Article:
“Of Salt and Clay”, an ongoing photography project exploring the community initiatives of the Isle of Wight. Often underestimated as a place that ‘time forgot’, the Isle of Wight is now one of only seven places in the UK with UNESCO Biosphere Reserve status, given in part for the community’s "strong tradition of environmental action and conservation of cultural heritage".
I want to document those who are offering a more hopeful vision and model for the future when the environmental stakes are getting ever higher. The next few decades will be critical for the Isle of Wight which faces the mounting pressures of coastal erosion, the economic toll of Covid-19 on its tourism-led economy, as well as Brexit and the agricultural trade deals it will bring to the island’s historic farming industry - not to mention the deeply controversial oil drilling application from UKOG.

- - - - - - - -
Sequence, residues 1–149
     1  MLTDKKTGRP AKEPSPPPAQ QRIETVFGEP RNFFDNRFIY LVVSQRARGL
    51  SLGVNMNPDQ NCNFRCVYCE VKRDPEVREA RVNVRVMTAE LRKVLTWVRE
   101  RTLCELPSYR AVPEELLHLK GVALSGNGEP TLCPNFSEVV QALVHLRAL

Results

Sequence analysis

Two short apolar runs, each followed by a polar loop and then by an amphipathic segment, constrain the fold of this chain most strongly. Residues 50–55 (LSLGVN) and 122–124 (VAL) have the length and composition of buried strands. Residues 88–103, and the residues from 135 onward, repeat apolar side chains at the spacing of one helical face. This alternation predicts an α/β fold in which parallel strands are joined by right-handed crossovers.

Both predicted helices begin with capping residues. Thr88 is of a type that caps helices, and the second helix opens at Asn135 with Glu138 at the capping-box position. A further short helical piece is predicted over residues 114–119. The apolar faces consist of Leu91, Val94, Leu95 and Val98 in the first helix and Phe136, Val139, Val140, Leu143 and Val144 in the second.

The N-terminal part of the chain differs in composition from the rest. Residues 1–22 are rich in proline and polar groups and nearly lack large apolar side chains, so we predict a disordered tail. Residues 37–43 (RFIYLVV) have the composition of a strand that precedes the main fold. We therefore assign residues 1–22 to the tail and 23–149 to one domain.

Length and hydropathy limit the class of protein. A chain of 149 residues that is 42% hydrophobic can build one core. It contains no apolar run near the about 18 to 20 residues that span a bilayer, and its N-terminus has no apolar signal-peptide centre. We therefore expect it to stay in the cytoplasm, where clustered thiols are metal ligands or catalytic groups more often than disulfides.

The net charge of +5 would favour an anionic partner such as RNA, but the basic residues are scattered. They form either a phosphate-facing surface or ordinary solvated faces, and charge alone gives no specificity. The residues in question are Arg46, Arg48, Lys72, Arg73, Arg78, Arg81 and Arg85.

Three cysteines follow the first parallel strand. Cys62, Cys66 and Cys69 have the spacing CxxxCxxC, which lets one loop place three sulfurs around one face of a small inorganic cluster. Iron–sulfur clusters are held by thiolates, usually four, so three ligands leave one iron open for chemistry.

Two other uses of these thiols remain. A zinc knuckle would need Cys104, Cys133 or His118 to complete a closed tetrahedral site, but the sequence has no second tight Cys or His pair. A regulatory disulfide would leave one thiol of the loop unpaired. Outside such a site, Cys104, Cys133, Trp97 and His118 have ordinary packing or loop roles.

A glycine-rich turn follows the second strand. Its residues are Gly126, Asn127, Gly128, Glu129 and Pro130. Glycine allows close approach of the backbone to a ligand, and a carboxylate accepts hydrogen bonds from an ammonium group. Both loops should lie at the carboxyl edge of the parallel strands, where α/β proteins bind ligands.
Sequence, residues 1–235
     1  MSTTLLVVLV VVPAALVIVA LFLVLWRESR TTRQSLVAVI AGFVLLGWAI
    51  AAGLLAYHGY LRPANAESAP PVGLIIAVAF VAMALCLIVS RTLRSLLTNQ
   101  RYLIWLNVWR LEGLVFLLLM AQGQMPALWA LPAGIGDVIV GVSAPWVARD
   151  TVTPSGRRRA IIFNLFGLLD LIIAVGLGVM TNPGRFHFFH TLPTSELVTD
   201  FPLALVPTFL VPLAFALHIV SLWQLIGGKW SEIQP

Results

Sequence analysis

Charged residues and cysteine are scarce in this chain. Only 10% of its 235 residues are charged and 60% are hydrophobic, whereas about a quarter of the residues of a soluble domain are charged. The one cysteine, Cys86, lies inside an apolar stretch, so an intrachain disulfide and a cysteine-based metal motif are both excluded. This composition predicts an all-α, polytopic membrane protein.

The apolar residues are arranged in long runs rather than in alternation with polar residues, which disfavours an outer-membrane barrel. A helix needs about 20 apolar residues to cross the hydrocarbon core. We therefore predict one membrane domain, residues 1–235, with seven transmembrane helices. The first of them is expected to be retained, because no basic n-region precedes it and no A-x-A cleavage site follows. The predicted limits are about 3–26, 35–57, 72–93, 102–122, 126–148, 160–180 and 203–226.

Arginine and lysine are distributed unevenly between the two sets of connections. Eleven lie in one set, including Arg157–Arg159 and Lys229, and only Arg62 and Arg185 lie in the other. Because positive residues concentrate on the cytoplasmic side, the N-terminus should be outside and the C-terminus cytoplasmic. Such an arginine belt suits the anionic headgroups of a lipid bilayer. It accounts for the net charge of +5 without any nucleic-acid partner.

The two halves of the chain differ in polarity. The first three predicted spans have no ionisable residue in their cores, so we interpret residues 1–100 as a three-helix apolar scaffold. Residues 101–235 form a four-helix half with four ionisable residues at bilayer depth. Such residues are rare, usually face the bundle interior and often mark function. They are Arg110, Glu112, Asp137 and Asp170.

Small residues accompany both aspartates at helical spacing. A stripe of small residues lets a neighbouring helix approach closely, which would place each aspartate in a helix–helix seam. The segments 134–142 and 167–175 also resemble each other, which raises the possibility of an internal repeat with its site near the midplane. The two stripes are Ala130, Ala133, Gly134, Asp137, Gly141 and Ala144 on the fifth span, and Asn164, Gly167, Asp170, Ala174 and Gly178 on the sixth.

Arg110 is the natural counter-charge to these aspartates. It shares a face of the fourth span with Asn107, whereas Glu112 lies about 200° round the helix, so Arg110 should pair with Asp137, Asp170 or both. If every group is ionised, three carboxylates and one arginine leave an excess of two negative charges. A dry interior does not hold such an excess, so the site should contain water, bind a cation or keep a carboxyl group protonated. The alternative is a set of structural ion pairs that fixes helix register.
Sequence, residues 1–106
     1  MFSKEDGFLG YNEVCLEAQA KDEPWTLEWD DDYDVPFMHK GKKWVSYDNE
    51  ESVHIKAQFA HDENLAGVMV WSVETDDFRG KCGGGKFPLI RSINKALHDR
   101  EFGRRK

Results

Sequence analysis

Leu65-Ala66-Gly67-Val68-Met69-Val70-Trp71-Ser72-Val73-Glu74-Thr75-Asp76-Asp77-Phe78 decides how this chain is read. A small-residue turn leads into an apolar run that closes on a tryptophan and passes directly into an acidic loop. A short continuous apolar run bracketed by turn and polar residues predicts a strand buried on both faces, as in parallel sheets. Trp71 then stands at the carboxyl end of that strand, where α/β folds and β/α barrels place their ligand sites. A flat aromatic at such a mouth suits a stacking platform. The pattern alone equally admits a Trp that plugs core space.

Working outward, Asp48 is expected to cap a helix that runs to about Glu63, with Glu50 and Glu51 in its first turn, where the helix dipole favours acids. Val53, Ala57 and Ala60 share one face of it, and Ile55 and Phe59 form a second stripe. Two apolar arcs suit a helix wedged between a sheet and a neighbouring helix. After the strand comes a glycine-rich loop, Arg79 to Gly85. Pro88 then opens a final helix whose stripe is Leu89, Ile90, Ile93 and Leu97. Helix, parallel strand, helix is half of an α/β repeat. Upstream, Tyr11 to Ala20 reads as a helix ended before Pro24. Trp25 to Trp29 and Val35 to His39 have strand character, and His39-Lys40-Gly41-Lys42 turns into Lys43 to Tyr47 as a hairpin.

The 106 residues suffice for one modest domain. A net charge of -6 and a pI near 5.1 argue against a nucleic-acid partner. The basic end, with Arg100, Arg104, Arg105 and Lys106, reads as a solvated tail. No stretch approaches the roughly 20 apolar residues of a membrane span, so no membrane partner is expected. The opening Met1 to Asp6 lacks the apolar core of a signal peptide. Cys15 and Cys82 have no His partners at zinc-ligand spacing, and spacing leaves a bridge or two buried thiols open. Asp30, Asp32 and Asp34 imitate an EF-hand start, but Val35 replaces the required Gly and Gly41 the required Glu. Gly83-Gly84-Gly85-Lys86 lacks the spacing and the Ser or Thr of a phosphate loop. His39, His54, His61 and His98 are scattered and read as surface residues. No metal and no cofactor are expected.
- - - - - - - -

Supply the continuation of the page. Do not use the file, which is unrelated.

Despite these challenges and in part because of them, my aim with ‘Of Salt and Clay’ is to uncover a resilient part and people of the Island who are striving toward a shared vision at a critical moment in the climate crisis. I believe their combined contributions can teach us about the importance of place and provide inspiration for how communities can collaborate to foster positive environmental change and provide some much needed hope for the future.
Pictured: Francesca Cooper of The Modern Kitchen Garden, a regenerative market garden based here on the Island.
I will be sharing more soon.